She indicated that she was rather shocked by my answer. I’m not completely sure why. But I find it interesting that a very liberal and open-minded professor was surprised by this answer. What is obvious to me seems hidden from most. Can I really be the only one saying this stuff? I am in the classes I’ve been in, but watch Sir Ken Robinson saying it more charmingly and knightedly on TED.com in 2006 and 2010. (An examination of why Ken is a knight and I am someone the U of L Faculty of Education presumably can’t wait to get rid of could be an interesting tangent. Is it Britain? Is it Lethbridge? Maybe Ken enjoyed writing scholarly articles before he became a speaker on the Chardonnay circuit whereas I can’t think of a better way to waste my time, energy, and skills.)
I realize I may seem to be on a bit of a digression here but it relates, on an essential level, to my work in the Human Body Project and the exact textual artifact we are discussing, my film. I may also not be practicing what I preach as an award-winning teacher, i.e. tailor your discussion to your audience, the audience in this case perhaps not amenable to my dissing of their chosen profession. (Reminder: I do not have tenure. I do not even have a job.) So I will emphasize that, for me, personally, the M.Ed. program has done one thing: I have reached a point where I feel completely strong and validated in my own process and choices, which, without a lot of inauthentic contortions, do not fit into the way academia is run. Those processes and choices are very much in evidence in this film. They are powerful, necessary, educational, and original. They are also inherently, and in the case of this digression, explicitly, critical of academia.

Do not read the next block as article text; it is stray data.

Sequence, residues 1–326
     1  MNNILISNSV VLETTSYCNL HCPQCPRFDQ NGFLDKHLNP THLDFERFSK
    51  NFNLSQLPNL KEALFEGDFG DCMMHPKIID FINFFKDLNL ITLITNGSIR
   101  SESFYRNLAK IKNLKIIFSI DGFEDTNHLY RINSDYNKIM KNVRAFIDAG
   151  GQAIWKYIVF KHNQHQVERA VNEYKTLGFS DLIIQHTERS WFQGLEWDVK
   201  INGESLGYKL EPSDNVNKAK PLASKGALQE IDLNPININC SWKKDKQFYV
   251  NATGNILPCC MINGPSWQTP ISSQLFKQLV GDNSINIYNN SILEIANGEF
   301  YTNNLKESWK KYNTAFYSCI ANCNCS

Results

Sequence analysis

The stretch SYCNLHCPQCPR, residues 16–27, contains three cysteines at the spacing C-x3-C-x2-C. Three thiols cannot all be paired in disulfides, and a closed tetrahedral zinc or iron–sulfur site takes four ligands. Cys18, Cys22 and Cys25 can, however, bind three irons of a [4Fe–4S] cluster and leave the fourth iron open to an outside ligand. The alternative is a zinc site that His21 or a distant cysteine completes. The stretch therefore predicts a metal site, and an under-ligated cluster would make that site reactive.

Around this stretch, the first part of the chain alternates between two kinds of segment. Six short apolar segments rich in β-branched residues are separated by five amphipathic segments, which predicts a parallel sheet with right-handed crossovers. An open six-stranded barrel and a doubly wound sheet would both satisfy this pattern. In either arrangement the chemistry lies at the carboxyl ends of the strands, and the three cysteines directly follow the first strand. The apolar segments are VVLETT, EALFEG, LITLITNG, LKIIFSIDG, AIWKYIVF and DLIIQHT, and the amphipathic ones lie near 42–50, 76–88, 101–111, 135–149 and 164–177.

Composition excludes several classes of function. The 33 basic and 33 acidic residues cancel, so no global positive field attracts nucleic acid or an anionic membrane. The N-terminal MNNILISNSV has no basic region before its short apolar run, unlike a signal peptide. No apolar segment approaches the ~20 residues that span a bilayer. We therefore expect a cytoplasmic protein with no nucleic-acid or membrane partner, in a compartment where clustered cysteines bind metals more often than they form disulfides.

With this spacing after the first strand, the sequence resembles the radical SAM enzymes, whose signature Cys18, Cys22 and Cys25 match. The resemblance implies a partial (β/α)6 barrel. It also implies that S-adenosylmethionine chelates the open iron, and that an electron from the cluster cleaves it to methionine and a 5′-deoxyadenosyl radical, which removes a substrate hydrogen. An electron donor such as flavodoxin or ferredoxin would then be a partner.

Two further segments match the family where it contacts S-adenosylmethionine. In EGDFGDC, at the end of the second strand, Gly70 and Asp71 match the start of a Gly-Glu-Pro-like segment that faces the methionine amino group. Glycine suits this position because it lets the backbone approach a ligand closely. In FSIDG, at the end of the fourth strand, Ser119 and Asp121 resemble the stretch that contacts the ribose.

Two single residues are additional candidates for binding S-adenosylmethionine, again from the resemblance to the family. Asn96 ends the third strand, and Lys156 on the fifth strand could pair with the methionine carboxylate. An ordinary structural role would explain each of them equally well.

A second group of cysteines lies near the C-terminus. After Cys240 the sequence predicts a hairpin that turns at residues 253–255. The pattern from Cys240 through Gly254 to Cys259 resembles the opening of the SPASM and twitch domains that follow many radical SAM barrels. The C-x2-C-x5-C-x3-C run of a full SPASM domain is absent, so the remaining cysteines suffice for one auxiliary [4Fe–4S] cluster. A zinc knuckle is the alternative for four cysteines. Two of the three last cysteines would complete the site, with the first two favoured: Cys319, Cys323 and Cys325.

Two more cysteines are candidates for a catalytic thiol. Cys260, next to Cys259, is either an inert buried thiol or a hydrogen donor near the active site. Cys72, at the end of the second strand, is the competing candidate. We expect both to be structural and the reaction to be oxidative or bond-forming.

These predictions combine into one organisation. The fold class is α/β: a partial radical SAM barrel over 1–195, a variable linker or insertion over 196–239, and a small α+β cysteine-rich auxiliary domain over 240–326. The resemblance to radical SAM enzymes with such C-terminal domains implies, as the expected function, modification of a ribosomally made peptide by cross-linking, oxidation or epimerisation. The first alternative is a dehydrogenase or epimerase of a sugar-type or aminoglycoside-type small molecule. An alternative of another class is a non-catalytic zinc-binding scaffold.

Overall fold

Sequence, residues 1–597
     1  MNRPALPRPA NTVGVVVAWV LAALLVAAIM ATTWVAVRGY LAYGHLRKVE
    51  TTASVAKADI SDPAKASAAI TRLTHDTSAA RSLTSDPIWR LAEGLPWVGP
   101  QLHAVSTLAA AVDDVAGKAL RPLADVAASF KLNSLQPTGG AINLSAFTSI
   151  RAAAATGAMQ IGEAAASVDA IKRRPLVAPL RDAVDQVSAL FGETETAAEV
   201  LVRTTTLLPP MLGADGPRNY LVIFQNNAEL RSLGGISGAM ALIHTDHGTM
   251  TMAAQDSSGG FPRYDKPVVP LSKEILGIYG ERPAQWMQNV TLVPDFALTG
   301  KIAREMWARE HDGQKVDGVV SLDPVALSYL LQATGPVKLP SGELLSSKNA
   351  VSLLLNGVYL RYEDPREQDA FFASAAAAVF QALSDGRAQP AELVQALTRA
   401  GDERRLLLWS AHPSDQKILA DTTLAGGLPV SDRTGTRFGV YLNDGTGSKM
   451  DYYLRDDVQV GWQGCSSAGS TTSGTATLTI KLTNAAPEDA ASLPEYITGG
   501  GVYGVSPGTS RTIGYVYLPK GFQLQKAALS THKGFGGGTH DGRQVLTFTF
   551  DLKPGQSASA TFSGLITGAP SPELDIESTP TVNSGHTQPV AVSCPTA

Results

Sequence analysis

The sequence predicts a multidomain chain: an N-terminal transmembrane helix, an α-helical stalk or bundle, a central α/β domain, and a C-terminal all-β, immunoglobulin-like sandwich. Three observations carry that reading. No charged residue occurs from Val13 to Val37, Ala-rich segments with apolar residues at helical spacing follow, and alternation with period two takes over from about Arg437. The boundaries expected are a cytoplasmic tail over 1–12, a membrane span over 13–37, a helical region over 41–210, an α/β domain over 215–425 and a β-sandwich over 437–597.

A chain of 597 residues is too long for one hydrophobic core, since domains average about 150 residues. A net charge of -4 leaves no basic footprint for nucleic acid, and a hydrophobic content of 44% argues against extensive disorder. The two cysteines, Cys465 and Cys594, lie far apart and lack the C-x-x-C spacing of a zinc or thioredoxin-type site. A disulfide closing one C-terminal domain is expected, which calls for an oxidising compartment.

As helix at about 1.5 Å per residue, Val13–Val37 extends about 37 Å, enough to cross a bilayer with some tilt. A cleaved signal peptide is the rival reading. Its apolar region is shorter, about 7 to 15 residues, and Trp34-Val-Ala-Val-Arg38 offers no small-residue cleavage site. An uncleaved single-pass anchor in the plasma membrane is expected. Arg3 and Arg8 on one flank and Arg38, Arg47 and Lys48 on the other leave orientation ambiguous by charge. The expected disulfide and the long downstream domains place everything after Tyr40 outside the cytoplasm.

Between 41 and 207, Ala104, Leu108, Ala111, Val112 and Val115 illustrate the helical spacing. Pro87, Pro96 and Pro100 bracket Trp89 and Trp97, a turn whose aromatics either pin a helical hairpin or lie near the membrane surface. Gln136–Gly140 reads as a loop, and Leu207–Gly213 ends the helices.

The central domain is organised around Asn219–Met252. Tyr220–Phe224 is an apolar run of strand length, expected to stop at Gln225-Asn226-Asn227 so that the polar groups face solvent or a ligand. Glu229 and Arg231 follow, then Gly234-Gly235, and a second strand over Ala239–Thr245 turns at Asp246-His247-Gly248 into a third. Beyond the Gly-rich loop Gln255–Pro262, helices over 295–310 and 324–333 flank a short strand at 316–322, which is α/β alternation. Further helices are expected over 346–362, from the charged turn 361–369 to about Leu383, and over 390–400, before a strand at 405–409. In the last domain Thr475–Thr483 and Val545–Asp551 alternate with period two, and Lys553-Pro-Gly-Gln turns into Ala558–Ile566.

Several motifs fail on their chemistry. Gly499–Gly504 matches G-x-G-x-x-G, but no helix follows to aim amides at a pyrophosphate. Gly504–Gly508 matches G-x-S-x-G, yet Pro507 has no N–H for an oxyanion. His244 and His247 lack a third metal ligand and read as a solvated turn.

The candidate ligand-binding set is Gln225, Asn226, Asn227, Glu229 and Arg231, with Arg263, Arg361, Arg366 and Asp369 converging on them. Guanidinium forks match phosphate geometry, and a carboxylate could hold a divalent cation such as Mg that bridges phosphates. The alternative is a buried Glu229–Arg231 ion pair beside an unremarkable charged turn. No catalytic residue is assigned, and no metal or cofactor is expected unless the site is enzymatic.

There is a fairly dramatic tension between my work then and my two intended audiences. One audience is the people of the world who are open to exploring how to move things forward, which very certainly includes our students. One is academia. Isn’t it sad that that Venn diagram has almost no intersection? God help them, where does that leave our students?